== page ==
A Romanian man was detained for a while on Tuesday in connection with Saturday’s high-profile rape and murder of a Bulgarian journalist Viktoria Marinova. However, after questioning, the unidentified man was released without charges, a Bulgarian official said.
Police said, Marinova’s beaten and strangled body was found in the bushes at the banks of the Danube River in the northern Bulgarian city of Ruse.
Even as investigators worked to establish a motive and apprehend the suspect, competing narratives emerged about whether the victim had been targeted for her journalism or if she was the target of a random crime.
The Bulgarian government has indicated Marinova’s attack was not related to her profession.
According to The New York Times, Interior Minister Mladen Marinov said, “It is about rape and murder,”. Prime Minister Boyko Borissov also said on Sunday that authorities were working together with the “best forensics” team to solve the case.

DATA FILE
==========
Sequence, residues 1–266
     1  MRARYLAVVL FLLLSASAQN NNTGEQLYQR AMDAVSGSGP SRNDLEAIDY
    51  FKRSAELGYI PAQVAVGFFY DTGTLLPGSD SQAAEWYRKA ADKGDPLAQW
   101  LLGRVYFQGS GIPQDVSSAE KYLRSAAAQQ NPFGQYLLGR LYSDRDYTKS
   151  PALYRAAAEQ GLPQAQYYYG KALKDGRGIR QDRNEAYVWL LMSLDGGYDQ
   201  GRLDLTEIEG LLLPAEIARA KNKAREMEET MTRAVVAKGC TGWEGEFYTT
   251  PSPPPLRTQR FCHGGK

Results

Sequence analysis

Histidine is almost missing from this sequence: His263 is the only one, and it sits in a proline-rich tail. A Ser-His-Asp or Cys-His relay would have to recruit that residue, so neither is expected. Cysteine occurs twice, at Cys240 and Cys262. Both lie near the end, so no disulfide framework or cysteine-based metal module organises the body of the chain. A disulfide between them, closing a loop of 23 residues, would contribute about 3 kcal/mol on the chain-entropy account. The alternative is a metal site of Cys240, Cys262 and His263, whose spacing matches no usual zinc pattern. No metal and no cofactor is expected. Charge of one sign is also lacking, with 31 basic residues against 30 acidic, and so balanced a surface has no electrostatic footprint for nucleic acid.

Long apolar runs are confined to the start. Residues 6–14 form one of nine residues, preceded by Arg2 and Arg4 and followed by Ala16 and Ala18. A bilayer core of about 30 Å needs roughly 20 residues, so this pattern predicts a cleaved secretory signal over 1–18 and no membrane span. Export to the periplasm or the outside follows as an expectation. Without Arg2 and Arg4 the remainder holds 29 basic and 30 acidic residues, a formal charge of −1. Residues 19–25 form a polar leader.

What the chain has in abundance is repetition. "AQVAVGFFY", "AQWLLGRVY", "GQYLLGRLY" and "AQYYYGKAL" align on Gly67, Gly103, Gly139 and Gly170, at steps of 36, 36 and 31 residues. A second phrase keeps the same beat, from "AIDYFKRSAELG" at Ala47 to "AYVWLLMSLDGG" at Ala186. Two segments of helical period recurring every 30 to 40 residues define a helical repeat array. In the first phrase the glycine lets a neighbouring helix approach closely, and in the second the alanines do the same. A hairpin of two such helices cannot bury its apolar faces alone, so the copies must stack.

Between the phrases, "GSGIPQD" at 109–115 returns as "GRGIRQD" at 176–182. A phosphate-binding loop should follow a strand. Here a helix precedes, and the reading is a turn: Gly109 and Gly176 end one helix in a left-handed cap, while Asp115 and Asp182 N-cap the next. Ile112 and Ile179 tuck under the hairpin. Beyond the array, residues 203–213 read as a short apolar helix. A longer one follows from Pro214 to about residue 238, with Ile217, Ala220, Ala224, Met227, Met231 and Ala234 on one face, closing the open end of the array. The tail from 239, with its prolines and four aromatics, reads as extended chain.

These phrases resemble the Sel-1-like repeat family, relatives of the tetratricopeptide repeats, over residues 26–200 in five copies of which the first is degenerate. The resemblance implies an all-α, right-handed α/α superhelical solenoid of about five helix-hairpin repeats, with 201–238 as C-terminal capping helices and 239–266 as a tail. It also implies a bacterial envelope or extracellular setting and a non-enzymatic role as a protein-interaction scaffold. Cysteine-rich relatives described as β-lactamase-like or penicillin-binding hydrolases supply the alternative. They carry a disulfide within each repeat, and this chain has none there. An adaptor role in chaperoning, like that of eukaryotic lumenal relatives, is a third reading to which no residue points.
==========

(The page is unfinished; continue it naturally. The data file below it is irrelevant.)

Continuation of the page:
Sotir Tsatsarov, the prosecutor general said on Monday that while nothing was being ruled out, it is very unlikely that Marinova’s killing was connected to her work, reports the Times.
Others have suggested that the killing of an anti-corruption shows host in a country which is known for widespread corruption was perhaps more than just a coincidence.
Frans Timmermans, vice president of the European Commission said “Again a courageous journalist falls in the fight for truth and against corruption”.
Robert Mahoney, the deputy executive director of the Committee to Protect Journalists said “In certain countries there is not just enough enforcement of the law and there is rampant impunity, which means that you can even silence a critical journalist or close down an investigation by having killed that journalist.”
Mahoney said that whether Marinova’s killing falls into that category is yet to be confirmed and it is too early to say this.
Marinova also hosted a show on Bulgarian station TVN, called the Detector. The first episode was aired on September. 30 and featured two investigative journalists looking into alleged fraud by politicians and businessmen involving EU funds, reports the BBC. The journalists, Dimitar Stoyanov and Attila Biro, had been detained in September for their work.
Prosecutors opened an investigation into GP Group after her death, the private Bulgarian building company that Biro and Stoyanov spotlighted in their report.
Claude Moraes, chair of the European Parliament’s Civil Liberties Justice and Home Affairs Committee, has asked Europol to be ready to assist with the investigation into her death.